Paracetamol for children (including Calpol)

Paracetamol is a common painkiller for children. It's used to treat most kinds of childhood ailments, including headache, tummy ache, earache, and cold symptoms. It can also be used to reduce fever (38C or above).

For older children, paracetamol is available as tablets.

For young children, paracetamol comes as a syrup.

Paracetamol is also available as suppositories (a plug of medicine that's inserted into the back passage). They're useful to relieve pain and fever in children who find it difficult to swallow tablets or syrup, or who are vomiting a lot.

For children aged 16 and over, read our information on paracetamol for adults.

  1. Key facts

    • Your child should start to feel better about 30 minutes after taking paracetamol tablets or syrup. It may take up to an hour for a suppository to work properly.
    • Paracetamol comes in a range of different strengths, so always use the measuring device that comes with the medicine. The right dose for your child depends on their age. Always leave 4 to 6 hours between doses. Don't give more than 4 doses in 24 hours.
    • Don't give your child paracetamol with other medicines containing paracetamol, such as Lemsip or Night Nurse (only suitable for children over 12 years).
    • Paracetamol is an everyday medicine, but it can be dangerous if too much is taken. Be careful to keep it out of the reach of children.
    • Paracetamol tablets may be called by brand names such as Disprol, Hedex, Medinol and Panadol. Calpol is one brand of syrup.
  2. Who can take paracetamol

    Children can take paracetamol as:

    • a liquid syrup – from the age of 3 months (2 months if they have a fever after a vaccination)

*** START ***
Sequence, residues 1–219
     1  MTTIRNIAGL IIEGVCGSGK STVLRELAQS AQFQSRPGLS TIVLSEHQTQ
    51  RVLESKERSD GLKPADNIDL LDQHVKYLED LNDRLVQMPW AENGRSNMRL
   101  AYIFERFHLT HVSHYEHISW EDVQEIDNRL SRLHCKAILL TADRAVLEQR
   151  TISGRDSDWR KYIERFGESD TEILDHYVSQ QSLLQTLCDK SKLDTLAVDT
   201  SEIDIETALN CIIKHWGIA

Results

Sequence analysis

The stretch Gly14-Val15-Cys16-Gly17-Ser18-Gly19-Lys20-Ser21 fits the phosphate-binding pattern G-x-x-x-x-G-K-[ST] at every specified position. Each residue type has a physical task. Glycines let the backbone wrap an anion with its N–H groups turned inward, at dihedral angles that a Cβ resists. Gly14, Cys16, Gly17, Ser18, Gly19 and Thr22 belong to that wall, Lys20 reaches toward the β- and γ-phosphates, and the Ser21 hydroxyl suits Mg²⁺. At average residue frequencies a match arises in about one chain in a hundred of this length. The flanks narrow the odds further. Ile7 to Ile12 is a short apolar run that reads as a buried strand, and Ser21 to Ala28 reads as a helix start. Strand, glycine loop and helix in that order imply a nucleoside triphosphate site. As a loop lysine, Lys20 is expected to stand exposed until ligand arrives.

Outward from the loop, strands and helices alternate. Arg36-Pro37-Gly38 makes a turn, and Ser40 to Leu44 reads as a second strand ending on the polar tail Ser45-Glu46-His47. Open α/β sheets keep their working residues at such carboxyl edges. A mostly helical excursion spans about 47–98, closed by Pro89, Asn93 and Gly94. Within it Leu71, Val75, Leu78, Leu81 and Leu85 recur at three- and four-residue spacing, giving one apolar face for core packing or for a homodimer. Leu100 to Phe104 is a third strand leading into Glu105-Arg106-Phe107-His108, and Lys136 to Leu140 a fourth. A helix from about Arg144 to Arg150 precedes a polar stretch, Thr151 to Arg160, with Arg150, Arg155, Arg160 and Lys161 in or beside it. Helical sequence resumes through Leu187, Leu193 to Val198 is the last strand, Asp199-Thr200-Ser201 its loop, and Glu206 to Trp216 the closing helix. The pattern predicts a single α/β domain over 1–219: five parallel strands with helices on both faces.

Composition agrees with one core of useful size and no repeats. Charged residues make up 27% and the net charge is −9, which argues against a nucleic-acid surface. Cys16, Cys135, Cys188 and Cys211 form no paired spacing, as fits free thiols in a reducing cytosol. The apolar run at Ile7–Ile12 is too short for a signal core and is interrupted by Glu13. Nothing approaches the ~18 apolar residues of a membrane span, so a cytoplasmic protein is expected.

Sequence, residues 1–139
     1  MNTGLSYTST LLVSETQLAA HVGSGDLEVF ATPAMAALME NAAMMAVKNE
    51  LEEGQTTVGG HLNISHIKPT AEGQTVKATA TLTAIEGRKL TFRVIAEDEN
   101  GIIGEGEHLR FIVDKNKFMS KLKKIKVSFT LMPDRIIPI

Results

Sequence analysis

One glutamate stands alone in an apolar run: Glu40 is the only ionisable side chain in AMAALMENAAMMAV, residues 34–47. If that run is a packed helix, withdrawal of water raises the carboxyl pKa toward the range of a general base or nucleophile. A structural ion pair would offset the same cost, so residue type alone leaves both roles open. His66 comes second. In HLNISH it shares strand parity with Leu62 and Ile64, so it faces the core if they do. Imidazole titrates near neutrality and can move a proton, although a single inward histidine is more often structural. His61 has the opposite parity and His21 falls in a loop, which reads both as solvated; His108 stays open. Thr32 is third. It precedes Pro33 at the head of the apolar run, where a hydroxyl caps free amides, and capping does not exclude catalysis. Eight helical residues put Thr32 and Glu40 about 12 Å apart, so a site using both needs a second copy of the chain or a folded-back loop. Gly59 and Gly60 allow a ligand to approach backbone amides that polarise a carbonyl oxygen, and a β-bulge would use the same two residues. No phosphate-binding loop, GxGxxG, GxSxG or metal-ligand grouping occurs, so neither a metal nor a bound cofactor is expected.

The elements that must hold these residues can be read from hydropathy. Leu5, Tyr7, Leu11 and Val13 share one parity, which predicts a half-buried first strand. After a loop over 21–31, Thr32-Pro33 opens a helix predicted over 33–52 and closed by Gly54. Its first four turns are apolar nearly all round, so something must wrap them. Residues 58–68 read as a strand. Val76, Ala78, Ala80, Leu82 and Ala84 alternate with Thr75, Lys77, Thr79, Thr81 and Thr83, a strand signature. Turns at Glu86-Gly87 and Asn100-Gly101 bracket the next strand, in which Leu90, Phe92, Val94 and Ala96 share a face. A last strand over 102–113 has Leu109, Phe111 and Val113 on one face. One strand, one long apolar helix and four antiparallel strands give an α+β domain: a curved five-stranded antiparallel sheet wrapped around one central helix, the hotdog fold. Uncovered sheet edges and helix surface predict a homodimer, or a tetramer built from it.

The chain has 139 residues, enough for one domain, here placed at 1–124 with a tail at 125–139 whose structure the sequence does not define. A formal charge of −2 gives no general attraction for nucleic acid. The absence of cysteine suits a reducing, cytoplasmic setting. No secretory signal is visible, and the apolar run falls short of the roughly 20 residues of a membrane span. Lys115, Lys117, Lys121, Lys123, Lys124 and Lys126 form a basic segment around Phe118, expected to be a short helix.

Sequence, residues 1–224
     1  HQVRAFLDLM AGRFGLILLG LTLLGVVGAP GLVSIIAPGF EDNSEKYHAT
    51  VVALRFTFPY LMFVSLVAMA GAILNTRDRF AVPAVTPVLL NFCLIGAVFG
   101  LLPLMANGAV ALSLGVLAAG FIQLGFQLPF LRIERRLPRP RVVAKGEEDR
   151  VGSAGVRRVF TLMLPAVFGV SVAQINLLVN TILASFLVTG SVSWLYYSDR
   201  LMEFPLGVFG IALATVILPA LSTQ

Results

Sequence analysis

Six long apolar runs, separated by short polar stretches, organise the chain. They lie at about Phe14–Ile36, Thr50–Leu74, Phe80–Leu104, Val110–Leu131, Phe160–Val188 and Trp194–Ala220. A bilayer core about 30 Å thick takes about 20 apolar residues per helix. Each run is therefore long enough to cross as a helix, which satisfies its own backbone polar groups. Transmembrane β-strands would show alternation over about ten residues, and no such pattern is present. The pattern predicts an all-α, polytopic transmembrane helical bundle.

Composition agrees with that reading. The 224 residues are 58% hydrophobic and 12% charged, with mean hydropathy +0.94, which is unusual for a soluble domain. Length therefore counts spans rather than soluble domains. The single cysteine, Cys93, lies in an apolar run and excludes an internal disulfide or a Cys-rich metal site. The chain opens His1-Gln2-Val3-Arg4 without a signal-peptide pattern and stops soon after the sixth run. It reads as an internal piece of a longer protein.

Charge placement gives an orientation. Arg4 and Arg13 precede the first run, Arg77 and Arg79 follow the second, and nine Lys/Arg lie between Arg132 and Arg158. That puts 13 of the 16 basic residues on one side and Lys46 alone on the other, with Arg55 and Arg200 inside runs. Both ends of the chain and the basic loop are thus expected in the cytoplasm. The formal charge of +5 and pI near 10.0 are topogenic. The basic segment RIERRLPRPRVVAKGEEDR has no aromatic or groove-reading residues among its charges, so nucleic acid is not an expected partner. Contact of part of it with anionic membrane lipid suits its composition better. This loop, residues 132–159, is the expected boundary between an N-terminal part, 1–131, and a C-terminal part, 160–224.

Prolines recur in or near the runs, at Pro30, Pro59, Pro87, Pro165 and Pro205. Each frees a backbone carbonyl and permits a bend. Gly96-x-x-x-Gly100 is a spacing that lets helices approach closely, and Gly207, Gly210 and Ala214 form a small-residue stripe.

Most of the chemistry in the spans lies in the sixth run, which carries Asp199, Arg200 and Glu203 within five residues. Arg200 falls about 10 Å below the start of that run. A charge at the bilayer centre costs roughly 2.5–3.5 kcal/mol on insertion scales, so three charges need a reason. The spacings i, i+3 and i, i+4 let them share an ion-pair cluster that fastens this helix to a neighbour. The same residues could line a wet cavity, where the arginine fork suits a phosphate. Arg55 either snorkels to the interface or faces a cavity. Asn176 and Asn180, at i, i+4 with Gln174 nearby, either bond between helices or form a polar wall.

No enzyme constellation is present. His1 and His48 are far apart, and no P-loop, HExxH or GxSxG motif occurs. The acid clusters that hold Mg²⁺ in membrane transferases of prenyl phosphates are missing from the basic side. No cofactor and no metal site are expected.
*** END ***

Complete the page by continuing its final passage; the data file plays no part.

• suppository – from the age of 3 months (2 months if they have a fever after a vaccination)
    • tablets – from the age of 6 years (500mg so they may need to be broken)
    • soluble tablets – from the age of 12
    • calpol Fastmelts (250mg)

    Check with your doctor or pharmacist if your child:

    • is small for their age as a lower dose may be better
    • has had liver or kidney problems
    • takes medicine for epilepsy
    • takes medicine for tuberculosis (TB)
  3. How and when to give

    Paracetamol tablets, syrup and suppositories come in a range of strengths. Children need to take a lower dose than adults, depending on their age.

    If you're not sure how much to give, ask your pharmacist or doctor.

    Paracetamol tablets, syrup, and suppositories are available on prescription and to buy from shops and pharmacies.

    Paracetamol syrup dosages for children

    Age Type of syrup How much (every 4-6 hours,
    maximum 4 doses in 24 hours)
    3-6 months Infant 2.5ml
    6-24 months Infant 5ml
    2-4 years Infant 7.5ml
    4-6 years Infant 10ml
    6-8 years Six-plus 5ml
    8-10 years Six-plus 7.5ml
    10-12 years Six-plus 10ml

    Paracetamol syrup and suppositories can be given to children from 2 months if they have a fever after a vaccination injection.

    Children aged between 2 and 3 months can be given 2 doses maximum if they have pain and fever from other causes. If they still have a fever after 2 doses, contact a doctor or pharmacist before giving any more.

    Paracetamol tablet dosages for children

    Age How much (every 4 to 6 hours,
    maximum 4 doses in 24 hours)
    6-8 years 250mg
    8-10 years 375mg
    10-12 years 500mg